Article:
-The 30 hours which should have been 20 - at most
-Matthew Corbett's repetitive and sanctimonious whining. I don't blame some of the other characters for not taking him seriously.
-Characters that appear and then disappear once they have served their purpose. What, for instance, happened to the blacksmith after his tryst with his equine companion?
-My unwillingness to believe that a young man as educated and smart as Matthew would throw away his entire live on a woman he met briefly.
-The book takes place over less than two weeks yet feels like it is at least two months.
-Others have pointed out the details that are off for the period.
-Too many characters that serve little purpose other than to help Matthew uncover someone's secret. The troupe of actors come to town, months ahead of schedule. with a new stage manager who just happens to have been acquainted with one of the bad guys decades ago in England. The troupe appears one day and then departs the next.
-The absence of positive females, or many female characters at all, except the witch and the housekeeper. The only other females were an entreprenurial shrew and her seemingly possessed daughter. None of the main male characters had a wife living in Fount Royal. The wives were all dead or crazy or addicted but living elsewhere.
The "I almost stopped listening":
-The penis obsessed language used by almost every male character in the story. They all seemed to be obsessed with penises big and small. It didn't feel right. Just like it felt very wrong that the magistrate would tell the slimy innkeeper Matthew was a virgin. Matthew was 20 years old in 1699. I wonder if this would have been acceptable dinner conversation.
-(Spoiler Alert on this one) Instead of finding the scene where poor Lucy the horse is mounted by her owner (in the biblical sense} to be grotesque or repellent, I found it laughable. The image of the man suspended in mid-air in a homemade sex sling to enjoy connubial bliss with his pony made me think of a circus for perverts.
-Matthew is so set on proving Rachael is innocent, yet he willing lets the guilty go free. Most of the main characters have a secret to hide or have been committing crimes. But Matthew keeps the secrets to meet his own ends.
-Matthew can't see past his quest to save Rachael. He was even willing to abandon the magistrate, the man who educated and protected him, for the sake of a woman he barely knew.
Loyal member since 1998
This is one of the few audio books that makes me wish Audible had a 10 star rating system. Speaks the Nightbird deserves 10 stars. Life in Colonial America must have been brutal beyond anything we can imagine. Yet Robert McCammon does imagine it and he does so brilliantly. We learn about the superstitions, illnesses, lack of medicine and constant danger of starvation. The story starts in 1699, when Isaac Woodward, magistrate, and his clerk, Matthew Corbett, travel to Fount Royal to investigate Rachel Howarth. Rachel has been accused of murder and of being a witch. Woodward believes Rachel Howarth's accuser's, but Matthew is not so sure, but he has only a few days to prove her innocence. And the story of Matthew's investigation gives us a tale that will leave listener's racing to get the next book in this series. I listened to this audio book in just 4 days. Few books can keep me that mesmerized for 30 hours, but Speaks the Nightbird does so easily. I have such high regard for this first entry that I struggled to express it. I leave you with-it is wonderfully fantastic.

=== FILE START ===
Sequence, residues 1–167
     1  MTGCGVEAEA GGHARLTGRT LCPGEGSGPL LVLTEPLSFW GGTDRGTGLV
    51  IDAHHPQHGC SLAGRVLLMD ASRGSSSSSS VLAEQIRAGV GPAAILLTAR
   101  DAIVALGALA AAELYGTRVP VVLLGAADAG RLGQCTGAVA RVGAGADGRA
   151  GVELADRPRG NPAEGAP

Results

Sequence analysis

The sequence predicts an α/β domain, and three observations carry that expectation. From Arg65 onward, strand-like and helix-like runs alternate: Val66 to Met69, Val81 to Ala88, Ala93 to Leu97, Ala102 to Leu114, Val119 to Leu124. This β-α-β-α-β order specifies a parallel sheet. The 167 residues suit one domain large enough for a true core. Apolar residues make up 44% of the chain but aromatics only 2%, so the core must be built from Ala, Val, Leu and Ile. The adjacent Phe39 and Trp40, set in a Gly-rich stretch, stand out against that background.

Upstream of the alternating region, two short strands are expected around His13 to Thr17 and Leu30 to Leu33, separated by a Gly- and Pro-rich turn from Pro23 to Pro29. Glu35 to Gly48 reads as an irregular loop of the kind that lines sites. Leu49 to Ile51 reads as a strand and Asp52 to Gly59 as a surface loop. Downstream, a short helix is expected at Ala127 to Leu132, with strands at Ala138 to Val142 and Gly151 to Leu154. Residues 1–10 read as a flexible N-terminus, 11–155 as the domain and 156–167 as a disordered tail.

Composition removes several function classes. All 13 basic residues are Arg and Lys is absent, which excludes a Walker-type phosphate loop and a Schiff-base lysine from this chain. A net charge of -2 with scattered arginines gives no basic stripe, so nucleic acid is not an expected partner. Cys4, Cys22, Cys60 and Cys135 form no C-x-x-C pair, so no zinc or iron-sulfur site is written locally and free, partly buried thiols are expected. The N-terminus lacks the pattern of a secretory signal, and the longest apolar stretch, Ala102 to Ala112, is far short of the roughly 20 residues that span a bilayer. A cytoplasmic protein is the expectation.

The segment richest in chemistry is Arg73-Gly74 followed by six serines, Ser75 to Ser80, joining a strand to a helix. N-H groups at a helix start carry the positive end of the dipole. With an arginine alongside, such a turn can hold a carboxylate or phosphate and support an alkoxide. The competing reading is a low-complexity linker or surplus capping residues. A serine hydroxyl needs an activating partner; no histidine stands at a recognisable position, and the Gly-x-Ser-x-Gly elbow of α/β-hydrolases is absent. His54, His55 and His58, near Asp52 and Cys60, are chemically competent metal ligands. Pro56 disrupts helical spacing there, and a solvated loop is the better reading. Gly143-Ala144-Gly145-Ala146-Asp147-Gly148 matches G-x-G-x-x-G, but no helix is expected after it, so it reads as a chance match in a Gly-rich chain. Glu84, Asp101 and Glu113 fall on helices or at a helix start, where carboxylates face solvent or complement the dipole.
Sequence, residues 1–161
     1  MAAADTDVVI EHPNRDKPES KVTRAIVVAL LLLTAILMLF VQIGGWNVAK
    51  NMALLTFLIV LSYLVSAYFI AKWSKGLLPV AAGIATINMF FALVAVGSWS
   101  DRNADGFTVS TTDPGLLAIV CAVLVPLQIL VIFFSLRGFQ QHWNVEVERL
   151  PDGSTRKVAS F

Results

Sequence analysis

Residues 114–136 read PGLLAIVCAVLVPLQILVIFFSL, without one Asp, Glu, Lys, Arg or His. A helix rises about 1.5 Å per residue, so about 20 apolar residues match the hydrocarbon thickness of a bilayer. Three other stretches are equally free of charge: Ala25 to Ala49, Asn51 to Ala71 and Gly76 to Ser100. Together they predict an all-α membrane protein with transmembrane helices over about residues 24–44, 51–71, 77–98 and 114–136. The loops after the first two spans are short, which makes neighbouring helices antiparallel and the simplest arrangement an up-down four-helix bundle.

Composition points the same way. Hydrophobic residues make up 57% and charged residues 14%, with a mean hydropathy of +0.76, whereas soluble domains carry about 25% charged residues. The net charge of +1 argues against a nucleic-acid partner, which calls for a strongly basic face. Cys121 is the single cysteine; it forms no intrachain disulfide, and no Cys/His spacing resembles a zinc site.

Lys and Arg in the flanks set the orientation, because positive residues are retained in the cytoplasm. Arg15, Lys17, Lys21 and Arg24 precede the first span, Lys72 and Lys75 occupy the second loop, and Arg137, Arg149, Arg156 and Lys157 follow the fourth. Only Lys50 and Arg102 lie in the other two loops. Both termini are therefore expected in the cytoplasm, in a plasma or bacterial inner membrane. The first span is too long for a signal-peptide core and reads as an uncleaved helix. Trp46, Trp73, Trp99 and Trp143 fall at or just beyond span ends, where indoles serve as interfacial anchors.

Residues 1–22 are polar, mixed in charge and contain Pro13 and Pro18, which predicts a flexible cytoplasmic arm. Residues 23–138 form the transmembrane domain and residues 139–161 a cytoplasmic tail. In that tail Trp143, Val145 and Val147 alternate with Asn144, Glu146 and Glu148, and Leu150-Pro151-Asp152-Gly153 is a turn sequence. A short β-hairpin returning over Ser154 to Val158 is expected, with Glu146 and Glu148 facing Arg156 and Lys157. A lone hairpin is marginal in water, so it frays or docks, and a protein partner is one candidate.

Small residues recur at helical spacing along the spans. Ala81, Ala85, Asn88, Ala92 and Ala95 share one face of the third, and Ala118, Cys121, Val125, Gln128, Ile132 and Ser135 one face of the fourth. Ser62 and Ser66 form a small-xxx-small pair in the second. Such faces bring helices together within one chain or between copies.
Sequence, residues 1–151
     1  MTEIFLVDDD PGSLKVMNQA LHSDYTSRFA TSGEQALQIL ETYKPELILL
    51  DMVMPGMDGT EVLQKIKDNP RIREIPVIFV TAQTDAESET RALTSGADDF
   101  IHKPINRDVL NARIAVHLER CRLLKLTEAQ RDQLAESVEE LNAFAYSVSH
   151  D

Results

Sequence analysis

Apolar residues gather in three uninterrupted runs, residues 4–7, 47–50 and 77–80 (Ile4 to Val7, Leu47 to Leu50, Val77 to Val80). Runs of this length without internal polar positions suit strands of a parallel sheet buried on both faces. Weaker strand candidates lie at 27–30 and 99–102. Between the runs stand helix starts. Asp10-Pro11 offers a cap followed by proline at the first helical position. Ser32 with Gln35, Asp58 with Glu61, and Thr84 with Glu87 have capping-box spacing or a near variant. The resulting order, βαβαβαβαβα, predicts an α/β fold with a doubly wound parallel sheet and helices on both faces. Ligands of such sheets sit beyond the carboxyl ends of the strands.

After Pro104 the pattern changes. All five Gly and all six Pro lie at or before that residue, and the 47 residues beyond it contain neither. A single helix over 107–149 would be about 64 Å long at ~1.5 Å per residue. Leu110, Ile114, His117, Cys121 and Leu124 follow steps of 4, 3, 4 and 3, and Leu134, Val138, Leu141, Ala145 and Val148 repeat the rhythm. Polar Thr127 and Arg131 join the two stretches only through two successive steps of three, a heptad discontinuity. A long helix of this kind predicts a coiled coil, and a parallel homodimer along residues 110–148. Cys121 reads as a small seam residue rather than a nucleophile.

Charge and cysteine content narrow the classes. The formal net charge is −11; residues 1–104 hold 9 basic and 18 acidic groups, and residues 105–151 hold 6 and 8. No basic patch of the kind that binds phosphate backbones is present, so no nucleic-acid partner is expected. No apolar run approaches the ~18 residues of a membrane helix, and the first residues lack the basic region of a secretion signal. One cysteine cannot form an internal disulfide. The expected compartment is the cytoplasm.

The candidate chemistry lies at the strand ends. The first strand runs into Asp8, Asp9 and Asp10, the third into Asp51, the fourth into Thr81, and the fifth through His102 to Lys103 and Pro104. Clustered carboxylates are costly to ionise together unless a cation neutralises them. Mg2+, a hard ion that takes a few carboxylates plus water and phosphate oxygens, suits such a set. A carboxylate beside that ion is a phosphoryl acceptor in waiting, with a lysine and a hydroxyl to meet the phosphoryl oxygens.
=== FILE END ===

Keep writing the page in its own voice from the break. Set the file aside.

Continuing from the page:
I am able to listen to audio books at work, which is the only reason I got as far in this book as I did. I currently have 3 hours left and am just so over it that I doubt I will finish it. I don't even care what happens. The book mildly held my attention for 2/3 and the last 1/3...is just disappointing. Nothing is really getting wrapped up and I'm bored (everyone else seems to love it, so I'm assuming that the "wrapping up" takes place in the upcoming 3 hours).
It takes a LONG time for the story to pick up. Hours and hours in, you are still wondering when the plot will "really" develop. And when the plot DOES go somewhere...it splices in so many different directions that it feels like 10 different, bordering-on-snooze-fest stories. Plus, it's super weird. For instance, there is a fairly graphic scene of bestiality that takes place near the beginning of the book...and the author does nothing with it. The kid runs out of the barn and that's all you hear of the blacksmith and his horses...for the rest of the book. (Granted, I do still have 3 hours left...maybe the story goes back to it? Doubtful) My point is, it seems like it's just grossness for the sake of being gross. And there are numerous descriptions of demon sex, etc...which, in my opinion don't add to the story. It just leaves the entire book feeling scattered and dripping with a grimy darkness that you don't know what to do with.
Not my favorite. I definitely don't recommend. I tried it because it got such rave reviews, so I'm trying to balance everything out :)
As a side note, the narrator was excellent. I only gave him 4 stars because I can't for the life of me figure out why he's reading this book. I see him narrating The Count of Monte Cristo or something...which is what I'm going to listen to next. (Doing a bit of course correcting on my audio books)
This book has taken its place in the pantheon of my favorite books, alongside Jane Eyre (Charlotte Bronte), The Pickwick Papers (Charles Dickens), Outlander (Diana Gabaldon), and The Quincunx (Charles Palliser). The story is complex and compelling, the characters are unique and complicated, and Edoardo Ballerini has turned in one of the most accomplished performances I have ever heard. Serious readers owe it to themselves to listen.
Reader, Listener, Optimist
The author freely mixes bits of modern parlance with his overuse of contrived Dickensian language. He wallows in the vernacular of the time, trying to convey a sense of life in 1699 America, but ultimately, the overuse is a distraction. Why say something plainly when you can force layers of awkward similes to make it sound "authentic". Edoardo Ballerini delivers this babble well, but he is unable to salvage the author's exuberance for flowery gibberish.